ESG funds are performing better under the current coronavirus-fueled financial crisis than the traditional funds that might previously have been considered safer bets for investors.
According to a Bloomberg analysis, the average ESG fund fell by about 12%, half the decrease recorded by the S&P 500 Index over the same period.
Proponents of sustainable funds have long made the argument that, because they screen for environmental sustainability, social responsibility, and good governance, ESG funds are more stable and can make more money for investors in the long run.
Over the long term, I think if anything this would likely accelerate the focus on ESG from an investor standpoint"
A group of 300 mutual funds that integrate ESG factors into their investment decisions attracted $21.4bn in new money in 2019, compared with $5.4bn a year earlier, according to data from Morningstar.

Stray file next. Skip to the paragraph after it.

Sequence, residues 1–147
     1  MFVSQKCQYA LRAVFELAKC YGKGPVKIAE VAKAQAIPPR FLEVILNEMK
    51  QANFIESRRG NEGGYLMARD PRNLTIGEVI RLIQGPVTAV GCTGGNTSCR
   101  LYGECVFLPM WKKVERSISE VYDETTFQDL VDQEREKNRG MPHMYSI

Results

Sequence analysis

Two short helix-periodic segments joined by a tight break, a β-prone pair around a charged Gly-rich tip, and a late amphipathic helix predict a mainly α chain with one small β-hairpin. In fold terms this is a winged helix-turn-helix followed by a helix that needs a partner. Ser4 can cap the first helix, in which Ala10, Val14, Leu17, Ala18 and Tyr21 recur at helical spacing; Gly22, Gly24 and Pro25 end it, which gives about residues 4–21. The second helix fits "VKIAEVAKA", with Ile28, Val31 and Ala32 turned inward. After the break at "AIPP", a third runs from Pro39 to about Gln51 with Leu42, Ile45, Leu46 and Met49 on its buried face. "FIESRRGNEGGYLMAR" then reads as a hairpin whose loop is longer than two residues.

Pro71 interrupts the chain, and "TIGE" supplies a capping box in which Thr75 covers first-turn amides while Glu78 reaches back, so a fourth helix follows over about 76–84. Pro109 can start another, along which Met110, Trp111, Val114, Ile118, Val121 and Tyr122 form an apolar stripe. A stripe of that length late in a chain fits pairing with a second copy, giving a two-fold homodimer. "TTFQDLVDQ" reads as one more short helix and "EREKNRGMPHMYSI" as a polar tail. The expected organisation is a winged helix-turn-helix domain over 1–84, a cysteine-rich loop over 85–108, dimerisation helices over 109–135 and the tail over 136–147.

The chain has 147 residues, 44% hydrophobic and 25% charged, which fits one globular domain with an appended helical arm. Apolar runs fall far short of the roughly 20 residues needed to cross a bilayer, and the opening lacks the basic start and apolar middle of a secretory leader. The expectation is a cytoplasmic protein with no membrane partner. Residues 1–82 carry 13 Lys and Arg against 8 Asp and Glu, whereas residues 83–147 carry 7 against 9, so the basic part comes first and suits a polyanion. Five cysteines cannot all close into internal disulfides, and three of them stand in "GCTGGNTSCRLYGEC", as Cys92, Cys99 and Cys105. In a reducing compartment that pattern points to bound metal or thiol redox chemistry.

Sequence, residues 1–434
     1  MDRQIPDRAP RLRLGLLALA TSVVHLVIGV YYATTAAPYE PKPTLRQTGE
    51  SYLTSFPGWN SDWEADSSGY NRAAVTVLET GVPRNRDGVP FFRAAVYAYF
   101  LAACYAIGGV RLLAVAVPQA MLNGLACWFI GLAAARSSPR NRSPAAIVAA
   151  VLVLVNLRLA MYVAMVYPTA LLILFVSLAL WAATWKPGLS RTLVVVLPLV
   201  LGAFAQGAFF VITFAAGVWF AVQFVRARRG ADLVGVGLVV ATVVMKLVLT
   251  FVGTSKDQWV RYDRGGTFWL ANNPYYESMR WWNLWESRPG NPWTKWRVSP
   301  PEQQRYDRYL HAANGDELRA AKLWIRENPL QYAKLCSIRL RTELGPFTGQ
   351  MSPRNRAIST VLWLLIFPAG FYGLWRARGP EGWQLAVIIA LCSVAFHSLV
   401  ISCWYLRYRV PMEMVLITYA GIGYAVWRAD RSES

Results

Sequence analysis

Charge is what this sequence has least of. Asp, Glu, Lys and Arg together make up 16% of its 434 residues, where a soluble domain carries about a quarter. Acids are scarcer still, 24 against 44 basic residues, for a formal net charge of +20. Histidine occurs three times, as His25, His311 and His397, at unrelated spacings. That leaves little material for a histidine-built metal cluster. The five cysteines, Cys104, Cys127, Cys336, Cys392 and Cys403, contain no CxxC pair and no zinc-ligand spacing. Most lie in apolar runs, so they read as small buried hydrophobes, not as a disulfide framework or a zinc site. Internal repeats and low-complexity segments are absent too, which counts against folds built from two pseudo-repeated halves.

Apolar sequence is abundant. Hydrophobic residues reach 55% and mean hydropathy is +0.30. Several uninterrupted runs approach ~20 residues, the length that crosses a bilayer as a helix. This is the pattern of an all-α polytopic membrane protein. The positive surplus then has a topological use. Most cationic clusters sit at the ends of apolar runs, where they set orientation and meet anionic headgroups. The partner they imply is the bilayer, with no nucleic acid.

However, the recent volatility in financial markets due to the coronavirus pandemic investors are grilling companies to make sure have taken steps to manage nonfinancial risks related to matters such as climate change, board diversity or human rights issues in the supply chain.
"There is obviously a lot of volatility and a lot of big open questions just in the very near term that need to get answered," Jeff Meli, global head of research at Barclays told the WSJ. "…Over the long term, I think if anything this would likely accelerate the focus on ESG from an investor standpoint."
Barclays will begin providing ESG assessments for each of the companies that it covers.
In a note to clients, Citigroup said investors are asking more questions about issues such as employee benefits and mortgage relief, with the goal of identifying corporate strategies to limit the economic damage from the pandemic.
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